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Mountain Flying

by Jason Schappert

Mountain Flying can be dangerous if you don’t take the time to prepare for it. CFIT (Controlled Flight Into Terrain) is best defined as flying a perfectly good airplane into some sort of terrain usually a mountain.

This is primarily due to pilots having a lack of understanding when it comes to flying in the mountains.

In the video below you’ll learn
- How to approach a mountain pass
- How to always leave yourself a way out
- How mountain waves effect you as a pilot

Hey everybody. Jason Schappert of MzeroA.com bringing you an awesome video podcast that I actually just got the chance to do today and that is mountain flying. Here is a picture from today, and here also is a video we took from today. This is all part of our flying across America journey.

We departed from El Paso and headed due west to Tucson today. So you can see we can some real exciting experience flying in the mountains. I want to share with you this week about our experience and about some of the dangers of mountain flying. Like, the weather’s getting bad and a lot of pilots are getting out there flying, the Rocky Mountains are a lot different mountains than the Appalachian Mountains or anything on the East Coast for that matter. Remember, I’m just a Florida-based pilot so this is all new to me although I have a good idea of what mountain flying was.

So let’s go ahead and I’ll show you a little bit along with some pictures that we took today about mountain flying.

So approaching a mountain pass. Today was all about finding the right pass and the right route to go through. So we take a look at our mountain and we can see here we have three peaks and we have some gaps in between or a pass in between. The thing you always wanna do, you never wanna approach a pass or a mountain gap like that head. You always wanna approach it at a 45-degree angle. This allows you to get a better look at the pass and it also leaves you a way out. That way, if you get there and you realize you don’t like what’s on the other side or it’s getting a bit too turbulent for you, you can just make a 90-degree turn. Whereas if you approach it head on, you would have to make a 180-degree turn. So you’re leaving yourself an easy way out and also give you a good look at the mountain pass so always approach at that 45-degree angle.

Also, check out the weather in the pass. One thing you’re gonna notice when you’re starting to fly out west is that the FAA has put ASOS and AWOS stations in the mountain pass that you can tune to and listen to what the weather is like in the pass. Because, just because the weather is beautiful at the airport or at the other side of the ridge that you are going to doesn’t mean the weather is also beautiful in that pass. It’s a different elevation, different winds, different conditions. So, if they have an ASOS or an AWOS in that pass, it’s real important that you listen to that so check the weather just like the METAR at the airport that you’re going to.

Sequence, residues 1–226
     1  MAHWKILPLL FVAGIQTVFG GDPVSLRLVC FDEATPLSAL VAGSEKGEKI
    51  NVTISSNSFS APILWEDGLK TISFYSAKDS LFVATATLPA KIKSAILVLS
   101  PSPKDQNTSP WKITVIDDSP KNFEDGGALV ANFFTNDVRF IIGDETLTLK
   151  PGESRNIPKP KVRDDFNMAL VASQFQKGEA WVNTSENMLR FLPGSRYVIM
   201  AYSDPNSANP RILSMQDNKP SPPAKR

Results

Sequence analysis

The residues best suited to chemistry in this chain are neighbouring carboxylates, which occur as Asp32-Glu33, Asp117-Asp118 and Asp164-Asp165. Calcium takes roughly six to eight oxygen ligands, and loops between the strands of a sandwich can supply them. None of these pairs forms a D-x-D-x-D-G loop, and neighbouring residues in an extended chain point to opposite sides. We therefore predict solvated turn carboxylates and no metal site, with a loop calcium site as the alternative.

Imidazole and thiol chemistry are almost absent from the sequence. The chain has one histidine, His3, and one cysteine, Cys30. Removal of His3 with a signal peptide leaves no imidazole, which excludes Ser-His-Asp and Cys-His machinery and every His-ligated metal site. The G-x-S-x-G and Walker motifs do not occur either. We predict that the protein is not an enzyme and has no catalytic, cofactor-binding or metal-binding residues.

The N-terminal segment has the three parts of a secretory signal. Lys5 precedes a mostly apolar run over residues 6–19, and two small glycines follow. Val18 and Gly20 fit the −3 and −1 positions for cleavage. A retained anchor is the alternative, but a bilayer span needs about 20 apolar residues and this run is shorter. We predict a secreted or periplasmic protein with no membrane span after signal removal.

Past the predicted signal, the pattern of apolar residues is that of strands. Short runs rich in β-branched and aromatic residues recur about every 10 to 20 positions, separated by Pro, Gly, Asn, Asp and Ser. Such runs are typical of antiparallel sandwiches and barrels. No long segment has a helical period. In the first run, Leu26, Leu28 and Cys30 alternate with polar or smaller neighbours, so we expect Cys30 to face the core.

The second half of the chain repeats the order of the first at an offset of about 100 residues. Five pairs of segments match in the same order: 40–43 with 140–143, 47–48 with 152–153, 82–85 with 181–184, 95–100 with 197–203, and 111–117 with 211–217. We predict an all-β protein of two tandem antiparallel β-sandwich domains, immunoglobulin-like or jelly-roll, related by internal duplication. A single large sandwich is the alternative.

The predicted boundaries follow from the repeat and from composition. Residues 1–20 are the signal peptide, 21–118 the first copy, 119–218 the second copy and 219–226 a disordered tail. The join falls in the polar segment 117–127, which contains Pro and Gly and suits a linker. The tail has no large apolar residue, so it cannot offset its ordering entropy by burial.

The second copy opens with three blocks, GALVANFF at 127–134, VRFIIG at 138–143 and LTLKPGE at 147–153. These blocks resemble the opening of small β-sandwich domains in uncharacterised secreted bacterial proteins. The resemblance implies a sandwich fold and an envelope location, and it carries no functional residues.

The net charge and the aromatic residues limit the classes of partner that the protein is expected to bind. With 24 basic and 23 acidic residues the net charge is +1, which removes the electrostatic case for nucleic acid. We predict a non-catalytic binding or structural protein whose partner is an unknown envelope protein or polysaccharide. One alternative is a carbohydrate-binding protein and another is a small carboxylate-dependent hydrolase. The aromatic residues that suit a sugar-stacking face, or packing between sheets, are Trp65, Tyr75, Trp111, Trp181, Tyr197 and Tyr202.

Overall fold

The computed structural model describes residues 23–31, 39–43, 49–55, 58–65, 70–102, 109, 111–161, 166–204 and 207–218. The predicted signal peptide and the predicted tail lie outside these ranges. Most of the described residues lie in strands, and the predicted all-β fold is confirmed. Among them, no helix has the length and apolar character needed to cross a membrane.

What about mountain waves? Let’s look at this picture. So we got our strong winds. This is what actually happened to us today. Let us look at it from left to right. We had a great tailwind carrying us up the mountain and over it. However, on the other side, this is where you get those low clouds and you can see how it kinda eddies down the mountain and that’s what causing your turbulent air because the air gets so disrupted by that mountain. You get a lot of turbulence on the backside of that mountain. So just because it’s all nice and easy that way, you know, it’s gonna get turbulent on the other side and that’s the same if you’re approaching on the opposite direction and there’s turbulence first. Turbulence and mountains go hand in hand especially on a windy day.

I talked to flight instructors that fly the mountains and when they know the wind is at 15 to 20 knots, they just don’t go flying because this is the kind of turbulence that can beat you up right into that mountain.

You know we had a ton of updrafts and downdrafts today as you can see in some of these pictures. It’s nothing to mess around with especially with the tailwind that close to you. So let’s go ahead and talk about some tips for safe mountain flying.

First one. Know your density altitude. This is gonna directly relate to your aircraft’s performance. The Cessna 150, this has a 100 horsepower. So with density altitude on top of we’re already flying at 8500 feet, didn’t make things easy for us today. Today had to be a really early morning flight and the airplane, you could feel it, it was so sluggish. I wouldn’t dare do what we did today in the heat of the afternoon. There’s no way you could be able to do it. The airplane may be able to get off that ground and get that high but it wouldn’t be maneuverable enough to do what we needed to do today.